I’m kind of heartbroken right now.
Earlier today I saw a random tweet about the passing of Jeff Rice.
If you ask, “Who is Jeff Rice?” you’ll either not give a damn about his death or – hopefully – you will care after I lay a little information on you.
Jeff Rice, who died in Las Vegas on July 1 at age 71, was a talented writer who peaked way before he should have and struggled – and failed – to reach the same height of success again.
You see, Jeff Rice created Carl Kolchak and “The Night Stalker.”
If that rings a bell, and it should, you might remember that “The Night Stalker,” a TV movie from “Dark Shadows” creator Dan Curtis and starring Darren McGavin as Kolchak, aired on ABC on Jan. 11, 1972.
The movie – what might now be called a procedural, as Las Vegas newspaper reporter Kolchak tracks a serial killer in Vegas and ruffles the feathers of cops, politicians and his boss at the paper – was one of the most successful TV movies of all time, with 54 percent of TVs in use and 33 percent of all TV homes tuned in the night it aired.
That’s in part due to the funny, action-filled script by “I Am Legend” and “Twilight Zone” screenwriter Richard Matheson and Kolchak’s way of staying one step ahead of everyone else – and rubbing their noses in it. (I’m betting he influenced almost as many would-be newspaper reporters, like me, as did Woodward and Bernstein.)
But “The Night Stalker” also did as well as it did, I believe, because Vegas serial killer Janos Skorzeny was a vampire.
I’ve written in this space before about my love for the movie – and my great fondness for the follow-up movie “The Night Strangler” and the “Kolchak: The Night Stalker” TV series that aired from September 1974 to March 1975.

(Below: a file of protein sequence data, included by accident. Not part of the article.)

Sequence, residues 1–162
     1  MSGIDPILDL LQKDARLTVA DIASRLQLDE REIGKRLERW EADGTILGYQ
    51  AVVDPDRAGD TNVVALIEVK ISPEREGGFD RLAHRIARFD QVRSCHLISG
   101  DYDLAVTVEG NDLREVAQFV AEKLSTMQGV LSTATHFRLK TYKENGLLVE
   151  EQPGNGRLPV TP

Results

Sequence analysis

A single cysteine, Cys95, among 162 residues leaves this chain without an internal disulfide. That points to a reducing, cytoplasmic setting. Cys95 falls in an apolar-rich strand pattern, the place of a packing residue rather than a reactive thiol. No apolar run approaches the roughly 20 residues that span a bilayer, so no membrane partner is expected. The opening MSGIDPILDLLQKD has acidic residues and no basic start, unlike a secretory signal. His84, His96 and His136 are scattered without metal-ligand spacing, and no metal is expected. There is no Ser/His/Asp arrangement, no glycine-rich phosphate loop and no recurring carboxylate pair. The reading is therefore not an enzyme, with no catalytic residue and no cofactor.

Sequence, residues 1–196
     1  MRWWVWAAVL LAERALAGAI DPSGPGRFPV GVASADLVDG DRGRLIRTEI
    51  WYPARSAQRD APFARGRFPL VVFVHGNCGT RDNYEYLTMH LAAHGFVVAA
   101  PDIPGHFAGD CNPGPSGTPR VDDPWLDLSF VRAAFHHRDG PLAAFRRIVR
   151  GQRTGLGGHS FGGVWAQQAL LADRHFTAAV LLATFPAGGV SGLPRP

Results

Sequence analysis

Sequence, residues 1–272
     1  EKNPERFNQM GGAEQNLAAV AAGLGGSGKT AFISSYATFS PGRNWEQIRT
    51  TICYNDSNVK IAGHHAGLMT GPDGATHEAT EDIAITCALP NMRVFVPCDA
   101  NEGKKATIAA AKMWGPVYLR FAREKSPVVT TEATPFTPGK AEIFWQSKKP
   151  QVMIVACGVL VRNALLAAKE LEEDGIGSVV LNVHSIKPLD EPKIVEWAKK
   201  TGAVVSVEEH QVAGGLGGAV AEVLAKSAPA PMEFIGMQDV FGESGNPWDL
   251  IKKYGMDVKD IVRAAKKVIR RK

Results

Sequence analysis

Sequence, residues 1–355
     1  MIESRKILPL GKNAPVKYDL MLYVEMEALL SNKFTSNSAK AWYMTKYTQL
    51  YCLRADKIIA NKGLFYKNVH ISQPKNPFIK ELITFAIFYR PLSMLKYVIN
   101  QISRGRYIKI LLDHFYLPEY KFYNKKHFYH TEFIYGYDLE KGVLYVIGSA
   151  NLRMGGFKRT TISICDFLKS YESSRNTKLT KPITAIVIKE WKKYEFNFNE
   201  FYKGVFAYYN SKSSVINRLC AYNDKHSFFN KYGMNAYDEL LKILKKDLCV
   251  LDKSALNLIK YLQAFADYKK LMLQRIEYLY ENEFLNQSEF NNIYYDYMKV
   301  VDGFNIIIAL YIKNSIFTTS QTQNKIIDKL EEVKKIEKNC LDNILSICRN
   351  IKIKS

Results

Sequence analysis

As writer Mark Dawidziak noted in his book “The Night Stalker Companion” and his online obituary for Rice, the author’s work and the adaptations of it were enormously influential.
Not just on “The X-Files,” which captured the spirit of the movies and TV series and even paid tribute to Kolchak, but also a host of series that, like Rice’s work, brought “creatures of the night” out of the Victorian era and shook off their gothic trappings to introduce them to the modern world, like “Buffy the Vampire Slayer” and pretty much every recent movie or series that used “The Night Stalker”‘s mix of horror, humor, sarcasm, pessimism and, ultimately, bravery.
There had been little like “The Night Stalker” before but there was plenty to come.
As Dawidziak notes, however, Rice’s story was in many ways as dark as his story “The Kolchak Papers,” which eventually saw paperback publication as “The Night Stalker” in December 1973.
(The book cover photos that accompany this post I took today of my copies of Rice’s books. I’ve had them since they were published. They’re terrific.)
Dawidziak notes that Rice – himself a Las Vegas Sun reporter in the 1960s, and nobody’s pushover – based his fantastic yarn on his own experiences in Vegas, running up against corrupt politicians and criminals. Rice didn’t encounter any vampires, as far as we know, but anyone who remembers the movie knows that the most dangerous antagonists in the movie aren’t the age-old vampire but the forces of politics and the law, who lower the boom on Kolchak just as he triumphs.
As Dawidziak tells it, Rice’s downfall came after the “Kolchak” series was approved. It seems like somebody neglected to get the rights to the characters from Rice. The author asked for a piece of the action and, when the studio thumbed its nose at him, threatened to sue.
Rice was barred from the the production of the series and felt like his career was greatly diminished.
Rice never caught the huge break that his talent deserved.
And as Las Vegas Review-Journal writer John L. Smith reported, Rice lived out a “troubled” life until his death a little more than month ago.
I’ve seen “The Night Stalker” countless times and I’ve read Rice’s books several times. From the first page, Rice grips the reader with his portrait of Cheryl Ann Hughes, a casino worker in one of Las Vegas’ darker sidewalks on the wrong night.
A series of bullet points – a style best appreciated by those of us in the newspaper business – sums up Hughes in less than a page. Then this:
“Cheryl Ann Hughes: a girl with less than fifteen minutes to live.”
If you seek out and read Rice’s book – and you should – you’ll realize how much the TV movie owes to Rice not just because of characters and plot but also tone and voice. You can hear McGavin’s voice as you read Rice’s story.
I was 12 and a horror film fanatic when I first saw “The Night Stalker.” I greedily sought out more of this world, snapping up Rice’s novels when I found them and watching the sequel movie and series.
After hearing the news about Jeff Rice today, I’ll be stepping back into Kolchak’s world again soon.